I think today may be my first official attempt to take a deliberate “Sabbatical” rest type day. Granted, the whole phrase doesn’t even really make sense: today is Sunday, the “Lord’s Day” in historical Christian terms, not the Sabbath. In fact, as a Christian, I realize that I’m not obligated to “keep the Sabbath” (thinking particularly of Col. 2:16 and other Pauline discussions about “freedom from the law”).
Admittedly, for years this reasoning has served as my basis for resisting the notion of observing the Sabbath. Emerging from an extremely legalistic atmosphere, specifically my years in college, I can see numerous ways that I have reacted against being pressed under other people’s individual convictions (i.e., those things that are not explicitly characterized as sinful in Scripture). I’m not anti-authoritarian by nature, but the stifling atmosphere of that authoritarian environment certainly pushed me to treasure the freedom to work out righteousness by considering Scripture and not simply by following the convictions that someone has claimed for Scripture. And in short, as I came to the conclusion that if the New Testament gave Christians freedom from the requirements of the law, then we ought not to return to the Pharisaic practice of throwing people under the burden of weights that no one can bear.
Fundamentally, I am still okay with those ideas. And yet many things have changed. I’d like to think I have matured as a Christian, that I’ve been able to become more positive about non-obligatory aspects of Scripture that are still valuable for spiritual growth, that I’ve learned to read Scripture with more insight and complexity. But I also realize that a significant change in my response has simply been the positive example offered by other Christians, people who live in the Sabbatical principles with humility and love… and with shalom, a balance and a “right”ness in relationships.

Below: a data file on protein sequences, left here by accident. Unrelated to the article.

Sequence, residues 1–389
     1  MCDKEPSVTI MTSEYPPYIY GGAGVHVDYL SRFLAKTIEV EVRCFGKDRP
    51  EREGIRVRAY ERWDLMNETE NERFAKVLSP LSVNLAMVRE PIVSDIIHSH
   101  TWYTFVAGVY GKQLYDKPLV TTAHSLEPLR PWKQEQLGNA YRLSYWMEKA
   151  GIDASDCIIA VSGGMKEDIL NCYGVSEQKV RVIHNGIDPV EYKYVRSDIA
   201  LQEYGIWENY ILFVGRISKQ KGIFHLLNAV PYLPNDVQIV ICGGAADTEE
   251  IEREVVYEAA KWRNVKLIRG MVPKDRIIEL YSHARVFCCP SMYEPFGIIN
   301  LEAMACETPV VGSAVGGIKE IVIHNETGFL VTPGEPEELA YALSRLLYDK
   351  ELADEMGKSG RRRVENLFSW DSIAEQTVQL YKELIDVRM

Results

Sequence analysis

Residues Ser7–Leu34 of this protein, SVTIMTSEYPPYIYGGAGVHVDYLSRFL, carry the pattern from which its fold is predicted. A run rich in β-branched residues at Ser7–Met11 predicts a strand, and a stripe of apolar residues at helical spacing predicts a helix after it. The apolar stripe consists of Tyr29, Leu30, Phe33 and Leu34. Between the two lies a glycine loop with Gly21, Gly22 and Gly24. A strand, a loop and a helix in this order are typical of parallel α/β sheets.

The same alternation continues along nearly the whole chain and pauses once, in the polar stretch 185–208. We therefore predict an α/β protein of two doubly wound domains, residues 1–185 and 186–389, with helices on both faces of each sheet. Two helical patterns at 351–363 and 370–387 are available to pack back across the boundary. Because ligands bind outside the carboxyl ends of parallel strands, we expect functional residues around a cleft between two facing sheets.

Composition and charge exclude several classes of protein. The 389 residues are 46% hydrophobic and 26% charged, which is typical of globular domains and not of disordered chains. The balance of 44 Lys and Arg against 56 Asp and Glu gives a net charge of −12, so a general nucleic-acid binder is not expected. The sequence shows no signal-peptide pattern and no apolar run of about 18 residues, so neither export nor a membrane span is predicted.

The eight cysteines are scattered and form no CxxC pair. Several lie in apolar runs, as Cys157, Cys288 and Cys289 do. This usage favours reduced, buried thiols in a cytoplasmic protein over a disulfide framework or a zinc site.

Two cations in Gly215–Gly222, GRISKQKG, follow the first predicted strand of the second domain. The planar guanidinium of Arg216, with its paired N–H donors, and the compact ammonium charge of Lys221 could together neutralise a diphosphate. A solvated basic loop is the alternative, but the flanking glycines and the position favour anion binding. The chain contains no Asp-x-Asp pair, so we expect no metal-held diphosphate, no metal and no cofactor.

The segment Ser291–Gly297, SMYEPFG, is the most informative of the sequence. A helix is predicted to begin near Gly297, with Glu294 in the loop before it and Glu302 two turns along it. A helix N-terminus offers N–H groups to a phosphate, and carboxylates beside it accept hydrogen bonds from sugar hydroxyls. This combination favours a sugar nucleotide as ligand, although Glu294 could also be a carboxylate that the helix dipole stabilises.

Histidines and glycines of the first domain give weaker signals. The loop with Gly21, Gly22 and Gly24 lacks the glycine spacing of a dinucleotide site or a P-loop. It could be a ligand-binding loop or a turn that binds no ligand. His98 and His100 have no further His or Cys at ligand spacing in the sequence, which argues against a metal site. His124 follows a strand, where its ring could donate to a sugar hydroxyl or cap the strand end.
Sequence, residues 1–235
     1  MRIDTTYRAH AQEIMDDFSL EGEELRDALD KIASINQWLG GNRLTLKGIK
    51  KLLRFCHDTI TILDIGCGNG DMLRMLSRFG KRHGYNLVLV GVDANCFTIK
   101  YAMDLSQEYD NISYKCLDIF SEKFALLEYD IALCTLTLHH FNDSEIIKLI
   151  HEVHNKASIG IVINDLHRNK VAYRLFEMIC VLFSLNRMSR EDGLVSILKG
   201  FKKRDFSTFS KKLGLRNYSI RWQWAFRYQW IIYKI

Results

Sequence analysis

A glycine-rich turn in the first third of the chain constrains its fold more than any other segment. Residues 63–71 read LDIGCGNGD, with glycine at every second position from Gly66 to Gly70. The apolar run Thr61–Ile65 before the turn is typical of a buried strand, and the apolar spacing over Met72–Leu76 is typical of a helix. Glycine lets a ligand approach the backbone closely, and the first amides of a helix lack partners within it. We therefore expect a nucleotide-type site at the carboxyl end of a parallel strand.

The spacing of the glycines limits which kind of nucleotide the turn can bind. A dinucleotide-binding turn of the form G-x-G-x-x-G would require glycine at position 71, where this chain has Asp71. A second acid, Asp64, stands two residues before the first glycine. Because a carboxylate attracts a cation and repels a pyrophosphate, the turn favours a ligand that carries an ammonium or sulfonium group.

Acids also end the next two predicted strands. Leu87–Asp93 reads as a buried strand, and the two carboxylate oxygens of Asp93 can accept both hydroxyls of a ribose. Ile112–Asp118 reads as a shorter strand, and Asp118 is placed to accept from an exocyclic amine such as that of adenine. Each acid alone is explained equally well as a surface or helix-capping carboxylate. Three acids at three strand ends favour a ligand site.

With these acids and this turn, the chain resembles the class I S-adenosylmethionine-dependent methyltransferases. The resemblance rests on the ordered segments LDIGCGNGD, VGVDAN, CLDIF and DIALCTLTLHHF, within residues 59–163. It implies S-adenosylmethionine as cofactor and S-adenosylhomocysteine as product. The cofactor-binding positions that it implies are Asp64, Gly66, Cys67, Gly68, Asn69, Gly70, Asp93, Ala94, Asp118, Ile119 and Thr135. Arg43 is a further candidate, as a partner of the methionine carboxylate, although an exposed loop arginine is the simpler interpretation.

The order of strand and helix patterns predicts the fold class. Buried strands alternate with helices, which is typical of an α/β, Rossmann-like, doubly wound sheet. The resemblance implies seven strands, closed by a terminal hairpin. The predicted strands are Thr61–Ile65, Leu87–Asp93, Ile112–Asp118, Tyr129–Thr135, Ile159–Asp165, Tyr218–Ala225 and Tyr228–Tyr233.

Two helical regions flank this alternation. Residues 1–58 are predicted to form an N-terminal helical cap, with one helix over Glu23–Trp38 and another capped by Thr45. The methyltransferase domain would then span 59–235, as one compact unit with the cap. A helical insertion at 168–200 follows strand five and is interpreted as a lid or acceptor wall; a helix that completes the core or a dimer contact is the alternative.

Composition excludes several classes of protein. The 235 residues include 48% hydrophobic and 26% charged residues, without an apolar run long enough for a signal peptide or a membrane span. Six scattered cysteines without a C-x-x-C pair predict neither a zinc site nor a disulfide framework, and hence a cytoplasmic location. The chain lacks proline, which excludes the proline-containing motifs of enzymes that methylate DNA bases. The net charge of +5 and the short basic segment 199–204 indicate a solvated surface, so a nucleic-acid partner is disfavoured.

So here I am: my first real attempt to have a day of rest. I am surprised to discover how much discipline it takes to actually practice the art of resting. After all, I could be reading or touching up a paper or translating. I am reminded of A.J. Jacobs’s report of his experience in The Year of Living Biblically; sure, I found it amusing and a somewhat sad reflection of our busy culture when I read about his struggle not to check his e-mail, to refuse to write, ultimately, not to allow himself to do work. My own parallel experience serves as reenforcement that I need to let go of that obsessiveness in me, to actually work at learning how to rest.
As I close my first week at the beginning of PhD work, I hope this is the first day in a lifelong line of “Sabbatical” rests to come. It is an opportunity to take a break, to remember that the American fast-paced, goal-oriented lifestyle in which I too fully participate is not a faithful reflection of God’s intentions for toil or for human life and relationships in general. It is a reminder that even though we spend so little time doing it, worshiping God and being with people is actually what living is about.